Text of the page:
Living life on the borderline

Borderline fail and becoming an “adult”.

Posted on: June 6, 2011

I am just one big ball of fail and drama teetering on the edge of the border line.

Now that I’ve got the dramatic intro out of the way…

I am feeling rather frustrated. I don’t quite know how the mental health services want you to work. If I don’t ring the crisis team tonight and end up having a Fail and I unfortunately survive it, then they will be annoyed that I’m not taking responsibility for myself. Cue angry psychiatrist and care-coordinator appointments, angry faces, angry angry angry. But. If I DO ring the crisis team because I don’t want to have a Fail, that means that I didn’t ever feel like Failing in the first place, so please leave us alone now thanks bye.

I don’t know whether this is just how treatment works, it wasn’t the case in CAMHS but then it’s a pretty well known fact that child and adolescent mental health care is better than adult mental health care. I really do wish I was back with CAMHS. I miss CAMHS. I’m even starting to miss being inpatient. Before that really does sound crazy, let me explain.

There were one million and one things horrible about being in hospital but. For that period of time, I didn’t have the problems at home that I do now (and the problems most professionals agree contribute to my mentalness a great deal). I was removed from it, limited to a 15 min phone call in the evenings. Rather than exercising alone at night, or just sitting alone crying, I could have a hot chocolate and find a member of staff to talk to (depending on how good the staff were that night!). You were there because you were crazy and everybody feels sad when they think of a crazy young person. Crazy young people deserve trips out and having their makeup done for them and lessons that you might only get half a piece of work done, but they realised just how much it took to complete that half piece of work when your mind was shattering.  But somewhere around my 17th birthday, I was propelled into “adulthood”, adult services, adult treatment, adult total disregard for feelings.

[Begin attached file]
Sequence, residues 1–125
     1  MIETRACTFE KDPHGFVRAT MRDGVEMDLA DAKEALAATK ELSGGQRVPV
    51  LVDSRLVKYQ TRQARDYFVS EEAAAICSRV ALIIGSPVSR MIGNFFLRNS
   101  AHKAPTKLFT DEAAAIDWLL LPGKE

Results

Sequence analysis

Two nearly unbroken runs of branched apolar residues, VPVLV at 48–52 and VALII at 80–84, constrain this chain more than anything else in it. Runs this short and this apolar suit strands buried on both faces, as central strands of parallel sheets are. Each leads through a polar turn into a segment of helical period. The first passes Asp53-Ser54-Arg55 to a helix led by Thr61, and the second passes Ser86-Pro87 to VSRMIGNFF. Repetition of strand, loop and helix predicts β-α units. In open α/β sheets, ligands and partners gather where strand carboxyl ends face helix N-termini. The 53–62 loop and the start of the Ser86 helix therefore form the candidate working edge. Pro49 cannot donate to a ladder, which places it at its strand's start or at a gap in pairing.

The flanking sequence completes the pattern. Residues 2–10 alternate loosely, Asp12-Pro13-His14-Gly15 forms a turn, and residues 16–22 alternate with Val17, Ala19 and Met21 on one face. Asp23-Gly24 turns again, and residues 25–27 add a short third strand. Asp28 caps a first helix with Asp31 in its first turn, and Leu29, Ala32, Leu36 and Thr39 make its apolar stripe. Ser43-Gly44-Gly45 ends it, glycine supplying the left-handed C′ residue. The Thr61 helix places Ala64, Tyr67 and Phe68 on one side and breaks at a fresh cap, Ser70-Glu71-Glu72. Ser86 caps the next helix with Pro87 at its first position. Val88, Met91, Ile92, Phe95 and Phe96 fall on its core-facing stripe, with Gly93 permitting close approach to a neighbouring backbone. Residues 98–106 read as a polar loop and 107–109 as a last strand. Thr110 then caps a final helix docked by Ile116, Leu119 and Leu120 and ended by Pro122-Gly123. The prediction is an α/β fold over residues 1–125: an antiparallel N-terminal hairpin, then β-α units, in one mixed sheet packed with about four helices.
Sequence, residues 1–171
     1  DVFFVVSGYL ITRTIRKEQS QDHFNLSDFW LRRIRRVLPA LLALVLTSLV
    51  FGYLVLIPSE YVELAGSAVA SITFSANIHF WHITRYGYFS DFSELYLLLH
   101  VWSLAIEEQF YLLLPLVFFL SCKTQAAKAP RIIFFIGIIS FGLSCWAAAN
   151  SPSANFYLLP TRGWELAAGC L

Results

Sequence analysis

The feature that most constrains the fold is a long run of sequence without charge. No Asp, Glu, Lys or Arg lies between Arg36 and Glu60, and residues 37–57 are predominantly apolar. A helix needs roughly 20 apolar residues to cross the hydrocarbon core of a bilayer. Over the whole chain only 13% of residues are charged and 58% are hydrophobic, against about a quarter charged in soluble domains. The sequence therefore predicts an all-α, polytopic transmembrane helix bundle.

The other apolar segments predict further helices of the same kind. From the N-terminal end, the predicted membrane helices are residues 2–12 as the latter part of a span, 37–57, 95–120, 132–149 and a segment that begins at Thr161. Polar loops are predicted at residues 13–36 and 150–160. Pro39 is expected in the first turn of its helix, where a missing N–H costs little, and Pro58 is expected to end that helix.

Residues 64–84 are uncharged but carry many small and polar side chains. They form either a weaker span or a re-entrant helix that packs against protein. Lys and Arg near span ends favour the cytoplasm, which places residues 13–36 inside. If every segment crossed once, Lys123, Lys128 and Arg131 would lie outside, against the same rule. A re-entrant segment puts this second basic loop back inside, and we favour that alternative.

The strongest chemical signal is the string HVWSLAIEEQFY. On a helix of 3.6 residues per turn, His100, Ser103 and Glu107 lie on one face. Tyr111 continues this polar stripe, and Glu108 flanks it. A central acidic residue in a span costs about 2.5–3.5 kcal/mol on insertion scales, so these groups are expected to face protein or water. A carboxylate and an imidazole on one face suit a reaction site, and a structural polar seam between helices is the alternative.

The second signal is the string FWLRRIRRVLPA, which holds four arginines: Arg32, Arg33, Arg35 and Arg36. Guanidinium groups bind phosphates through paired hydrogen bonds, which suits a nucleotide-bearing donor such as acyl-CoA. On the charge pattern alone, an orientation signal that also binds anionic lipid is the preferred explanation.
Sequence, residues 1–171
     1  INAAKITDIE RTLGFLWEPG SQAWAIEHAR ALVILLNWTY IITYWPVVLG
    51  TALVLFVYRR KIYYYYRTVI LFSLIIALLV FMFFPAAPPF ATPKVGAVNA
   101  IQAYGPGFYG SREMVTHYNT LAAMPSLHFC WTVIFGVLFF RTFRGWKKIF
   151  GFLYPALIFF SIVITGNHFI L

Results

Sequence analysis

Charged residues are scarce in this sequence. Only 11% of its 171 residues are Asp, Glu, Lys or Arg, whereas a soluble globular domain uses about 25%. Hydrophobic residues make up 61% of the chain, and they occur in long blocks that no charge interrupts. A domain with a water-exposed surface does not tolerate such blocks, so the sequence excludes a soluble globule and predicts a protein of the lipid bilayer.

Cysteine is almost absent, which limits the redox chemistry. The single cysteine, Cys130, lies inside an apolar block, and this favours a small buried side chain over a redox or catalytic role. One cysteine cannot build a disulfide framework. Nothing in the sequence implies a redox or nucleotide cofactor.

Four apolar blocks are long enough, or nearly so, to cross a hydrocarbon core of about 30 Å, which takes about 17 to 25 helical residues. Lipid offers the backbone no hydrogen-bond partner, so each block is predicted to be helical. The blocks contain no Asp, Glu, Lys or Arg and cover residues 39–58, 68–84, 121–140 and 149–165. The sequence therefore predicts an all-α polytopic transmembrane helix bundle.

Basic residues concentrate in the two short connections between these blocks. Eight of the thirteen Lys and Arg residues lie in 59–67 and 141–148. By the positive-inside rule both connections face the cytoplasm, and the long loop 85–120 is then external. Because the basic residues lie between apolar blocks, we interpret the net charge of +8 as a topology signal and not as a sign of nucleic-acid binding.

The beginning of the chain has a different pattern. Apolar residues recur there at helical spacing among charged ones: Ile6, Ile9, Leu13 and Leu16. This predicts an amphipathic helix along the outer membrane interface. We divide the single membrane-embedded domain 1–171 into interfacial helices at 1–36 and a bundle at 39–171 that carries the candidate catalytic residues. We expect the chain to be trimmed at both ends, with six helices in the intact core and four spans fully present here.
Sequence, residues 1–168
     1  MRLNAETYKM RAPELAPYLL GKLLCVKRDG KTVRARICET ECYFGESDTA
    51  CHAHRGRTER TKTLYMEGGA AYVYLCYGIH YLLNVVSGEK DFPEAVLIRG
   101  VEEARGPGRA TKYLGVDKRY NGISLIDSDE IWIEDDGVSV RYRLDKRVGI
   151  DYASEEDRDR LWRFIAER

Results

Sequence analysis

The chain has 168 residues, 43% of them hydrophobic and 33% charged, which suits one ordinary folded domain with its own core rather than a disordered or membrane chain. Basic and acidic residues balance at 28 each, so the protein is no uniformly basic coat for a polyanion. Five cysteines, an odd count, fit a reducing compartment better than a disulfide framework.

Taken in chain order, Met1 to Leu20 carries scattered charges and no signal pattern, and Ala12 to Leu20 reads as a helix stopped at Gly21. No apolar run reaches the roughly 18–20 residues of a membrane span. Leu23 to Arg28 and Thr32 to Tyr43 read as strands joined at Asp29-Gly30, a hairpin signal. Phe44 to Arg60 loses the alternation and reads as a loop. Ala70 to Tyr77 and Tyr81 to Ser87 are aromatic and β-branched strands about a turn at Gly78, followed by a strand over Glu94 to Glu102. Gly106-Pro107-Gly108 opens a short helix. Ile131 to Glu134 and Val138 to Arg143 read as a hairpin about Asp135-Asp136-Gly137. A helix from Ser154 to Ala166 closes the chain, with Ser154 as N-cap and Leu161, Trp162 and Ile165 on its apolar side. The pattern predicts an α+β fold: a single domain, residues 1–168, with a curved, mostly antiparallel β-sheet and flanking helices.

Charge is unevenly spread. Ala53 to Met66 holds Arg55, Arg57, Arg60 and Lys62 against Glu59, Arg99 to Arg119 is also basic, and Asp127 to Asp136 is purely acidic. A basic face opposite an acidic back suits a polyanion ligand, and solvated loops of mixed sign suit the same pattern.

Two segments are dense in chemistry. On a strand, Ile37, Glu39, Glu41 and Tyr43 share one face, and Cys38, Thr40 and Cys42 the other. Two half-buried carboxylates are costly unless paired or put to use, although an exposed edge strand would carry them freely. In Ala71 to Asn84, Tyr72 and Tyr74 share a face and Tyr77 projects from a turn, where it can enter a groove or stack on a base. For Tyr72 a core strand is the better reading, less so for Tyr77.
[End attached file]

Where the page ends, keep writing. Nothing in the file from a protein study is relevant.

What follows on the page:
I talk to adult services, where my messy little 17 year old self is treated on par with 50+ year olds. I am expected to have life experience and understanding that I just don’t have yet. I study at an adults further education college, where just getting your work done one day when you’d rather kill yourself isn’t an achievement – neither is getting the work done good an achievement. Perfection is an achievement… or was it expected all along?  Grades are everything! And what about your career? It’s all about the dollar, baby. No, no, no, we don’t CARE if you’d rather work with people than earn money. Success is measured by your wage packet at the end of the month, the size clothes you wear, the car you drive.